Generally, very young firms, as well as firms with better growth perspectives and more own capital, are more likely to report increased investment. This follows from Chart B, where the bars indicate the marginal increase in the predicted probability of a representative firm increasing investment due to a given factor. For example, the chart shows that young firms (less than two years old) signal increases in investment with an 11% higher probability. This probability of increased investment is 10% higher for firms with a better economic outlook. Moreover, the availability of bank loans raises the probability of increasing investment by 5%, while the impact of improvements in the general economic environment is somewhat smaller (3%). By contrast, being credit constrained has a large negative impact on investment, reducing the probability of increases in investment by 7%. There is also evidence that firms signal increases in investment with a 11% higher probability when they report problems in the availability of skilled labour forces, while for firms facing problems in finding customers this probability is reduced by 8%.

Overall, survey evidence suggests that financial constraints have a negative impact on the investment behaviour of euro area NFCs. At the same time, the credit constraints indicator, and therefore also the negative impact on investment, has declined somewhat over recent years. Consistently, other data in the Survey on the access to finance of enterprises (see Chart C) show that restrictions in bank loan supply have gradually receded and have led to improvements in the availability of bank financing (loans and bank overdrafts).

Chart C

Credit constraints index and availability of bank loans and bank overdrafts

(preceding six-month period; percentage of respondents, left-hand scale; net percentage of respondents, right-hand scale)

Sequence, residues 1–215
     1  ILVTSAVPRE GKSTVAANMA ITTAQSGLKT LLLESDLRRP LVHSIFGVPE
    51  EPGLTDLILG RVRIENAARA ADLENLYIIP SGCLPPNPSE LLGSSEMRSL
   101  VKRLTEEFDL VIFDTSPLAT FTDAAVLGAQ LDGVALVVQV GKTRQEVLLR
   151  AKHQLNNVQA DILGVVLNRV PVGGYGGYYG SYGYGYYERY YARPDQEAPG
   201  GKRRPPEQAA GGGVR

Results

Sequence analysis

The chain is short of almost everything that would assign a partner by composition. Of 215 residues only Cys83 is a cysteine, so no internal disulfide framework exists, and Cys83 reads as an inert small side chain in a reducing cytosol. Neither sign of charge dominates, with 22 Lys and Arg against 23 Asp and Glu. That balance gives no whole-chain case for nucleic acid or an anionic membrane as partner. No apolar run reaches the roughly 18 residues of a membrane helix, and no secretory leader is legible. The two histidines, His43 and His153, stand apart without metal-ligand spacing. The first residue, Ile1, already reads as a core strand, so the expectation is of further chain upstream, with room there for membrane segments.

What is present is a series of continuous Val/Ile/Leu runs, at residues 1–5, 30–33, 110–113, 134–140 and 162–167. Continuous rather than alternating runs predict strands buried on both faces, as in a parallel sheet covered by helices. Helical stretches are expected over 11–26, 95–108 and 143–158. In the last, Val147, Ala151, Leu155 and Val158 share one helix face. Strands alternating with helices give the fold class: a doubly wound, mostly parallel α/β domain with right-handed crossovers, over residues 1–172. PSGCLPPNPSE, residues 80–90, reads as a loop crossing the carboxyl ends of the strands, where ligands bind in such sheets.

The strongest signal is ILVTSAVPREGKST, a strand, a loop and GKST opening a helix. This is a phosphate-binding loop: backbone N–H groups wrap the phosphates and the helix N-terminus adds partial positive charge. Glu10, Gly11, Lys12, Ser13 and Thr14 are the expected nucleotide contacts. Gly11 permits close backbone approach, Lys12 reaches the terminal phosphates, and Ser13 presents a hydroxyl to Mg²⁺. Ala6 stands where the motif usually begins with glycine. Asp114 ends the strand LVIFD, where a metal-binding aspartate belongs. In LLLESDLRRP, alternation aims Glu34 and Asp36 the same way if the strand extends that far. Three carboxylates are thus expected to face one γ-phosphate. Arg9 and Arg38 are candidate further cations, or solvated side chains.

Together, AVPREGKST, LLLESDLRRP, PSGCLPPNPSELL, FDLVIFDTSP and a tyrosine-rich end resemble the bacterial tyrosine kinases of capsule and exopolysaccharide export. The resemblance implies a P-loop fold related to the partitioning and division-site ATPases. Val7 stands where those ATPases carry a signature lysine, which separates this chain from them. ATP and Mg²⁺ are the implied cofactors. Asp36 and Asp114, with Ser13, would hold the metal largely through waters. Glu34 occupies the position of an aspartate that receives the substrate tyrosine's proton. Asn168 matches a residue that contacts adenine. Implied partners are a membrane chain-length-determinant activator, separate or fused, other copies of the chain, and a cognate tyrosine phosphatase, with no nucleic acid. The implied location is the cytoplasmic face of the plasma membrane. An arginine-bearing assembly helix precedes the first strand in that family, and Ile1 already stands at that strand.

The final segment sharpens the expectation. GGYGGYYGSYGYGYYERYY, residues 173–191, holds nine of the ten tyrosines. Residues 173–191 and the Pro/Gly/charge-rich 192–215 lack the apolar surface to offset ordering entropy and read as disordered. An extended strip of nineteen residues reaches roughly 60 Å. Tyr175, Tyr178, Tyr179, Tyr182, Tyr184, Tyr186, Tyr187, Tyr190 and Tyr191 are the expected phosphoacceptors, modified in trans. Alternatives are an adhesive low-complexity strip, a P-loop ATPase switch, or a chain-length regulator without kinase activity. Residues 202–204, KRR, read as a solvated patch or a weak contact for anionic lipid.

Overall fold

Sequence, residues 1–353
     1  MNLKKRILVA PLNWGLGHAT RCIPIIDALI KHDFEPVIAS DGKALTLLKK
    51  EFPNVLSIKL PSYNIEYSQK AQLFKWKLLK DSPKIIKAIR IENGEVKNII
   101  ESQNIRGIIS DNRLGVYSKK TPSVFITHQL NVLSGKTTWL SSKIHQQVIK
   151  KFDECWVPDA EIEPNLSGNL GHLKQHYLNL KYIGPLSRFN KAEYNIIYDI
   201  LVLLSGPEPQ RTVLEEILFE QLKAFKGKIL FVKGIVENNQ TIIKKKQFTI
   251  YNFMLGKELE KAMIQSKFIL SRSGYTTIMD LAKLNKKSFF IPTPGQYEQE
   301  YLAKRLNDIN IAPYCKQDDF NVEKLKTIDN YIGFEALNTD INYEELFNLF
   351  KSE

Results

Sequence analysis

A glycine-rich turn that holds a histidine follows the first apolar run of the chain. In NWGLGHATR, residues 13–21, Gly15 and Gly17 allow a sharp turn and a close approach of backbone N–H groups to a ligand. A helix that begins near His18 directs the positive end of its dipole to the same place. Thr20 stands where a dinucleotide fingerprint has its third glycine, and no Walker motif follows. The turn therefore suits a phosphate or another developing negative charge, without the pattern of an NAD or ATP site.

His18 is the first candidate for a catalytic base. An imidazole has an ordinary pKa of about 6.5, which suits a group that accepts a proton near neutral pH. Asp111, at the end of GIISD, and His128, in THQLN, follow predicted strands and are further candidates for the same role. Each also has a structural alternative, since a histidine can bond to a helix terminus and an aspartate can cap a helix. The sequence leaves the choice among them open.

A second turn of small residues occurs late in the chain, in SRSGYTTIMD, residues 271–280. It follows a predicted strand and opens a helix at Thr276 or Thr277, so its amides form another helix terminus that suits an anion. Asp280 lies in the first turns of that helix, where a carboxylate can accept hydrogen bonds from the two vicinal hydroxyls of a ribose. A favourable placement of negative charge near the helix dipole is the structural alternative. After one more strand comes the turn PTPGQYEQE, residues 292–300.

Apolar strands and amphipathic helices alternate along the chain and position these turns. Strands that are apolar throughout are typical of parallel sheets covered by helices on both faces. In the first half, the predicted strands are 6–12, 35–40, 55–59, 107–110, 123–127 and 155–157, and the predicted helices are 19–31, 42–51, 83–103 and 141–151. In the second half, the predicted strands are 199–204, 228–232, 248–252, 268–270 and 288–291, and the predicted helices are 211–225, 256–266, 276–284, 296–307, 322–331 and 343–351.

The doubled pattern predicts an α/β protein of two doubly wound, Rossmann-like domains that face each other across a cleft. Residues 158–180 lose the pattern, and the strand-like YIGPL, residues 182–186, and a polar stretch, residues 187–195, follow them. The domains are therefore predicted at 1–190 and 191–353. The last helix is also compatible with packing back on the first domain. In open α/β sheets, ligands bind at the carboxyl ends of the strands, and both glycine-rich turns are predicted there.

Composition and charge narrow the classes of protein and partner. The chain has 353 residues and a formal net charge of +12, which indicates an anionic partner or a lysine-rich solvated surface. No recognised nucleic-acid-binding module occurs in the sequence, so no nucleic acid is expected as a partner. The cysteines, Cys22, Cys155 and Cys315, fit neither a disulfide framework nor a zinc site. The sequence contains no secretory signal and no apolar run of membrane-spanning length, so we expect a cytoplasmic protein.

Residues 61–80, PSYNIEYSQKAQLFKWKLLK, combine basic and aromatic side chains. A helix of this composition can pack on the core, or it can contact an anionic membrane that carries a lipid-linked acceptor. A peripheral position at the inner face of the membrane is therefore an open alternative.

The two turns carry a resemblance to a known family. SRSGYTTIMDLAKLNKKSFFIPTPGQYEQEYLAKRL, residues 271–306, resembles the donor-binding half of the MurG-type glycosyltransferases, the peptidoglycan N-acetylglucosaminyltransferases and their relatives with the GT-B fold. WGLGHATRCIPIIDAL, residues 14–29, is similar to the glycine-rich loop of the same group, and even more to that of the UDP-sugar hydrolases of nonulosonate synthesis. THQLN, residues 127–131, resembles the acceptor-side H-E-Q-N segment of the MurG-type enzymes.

Sources: ECB and European Commission Survey on the access to finance of enterprises.
Note: base: left-hand scale, all enterprises; right-hand scale, enterprises for which the respective instrument (bank loan or bank overdraft) is relevant.

Box 4 Drivers of business investment through the lens of a VAR model

Additional insights on the impact of various factors on investment may be gained with the help of a model bringing the main factors together. This box presents evidence from a VAR model on drivers of business investment, such as real factors and uncertainty. [89] While real factors are found to have supported the recent investment recovery, uncertainty is still weighing on investment growth. For the purposes of the model, “business investment” refers to year-on-year growth in total investment net of housing investment and net of interpolated annual government investment, the latter taken from the AMECO database. “Demand” is GDP adjusted for business investment, “profits” refers to year-on-year growth in total economy gross operating surplus and “investment” represents investment-specific shocks. “Interest rate” refers to NFCs’ lending rates and the “uncertainty” measure is the financial volatility index VIX. Shocks are orthogonal and the identification uses Choleski decomposition, where uncertainty is ordered first.

Chart A

Breakdown of euro area business investment growth

(annual percentage change; percentage points)

Sources: Eurostat, European Commission and Thomson Reuters Datastream.
Note: The latest observation is for the first quarter of 2016.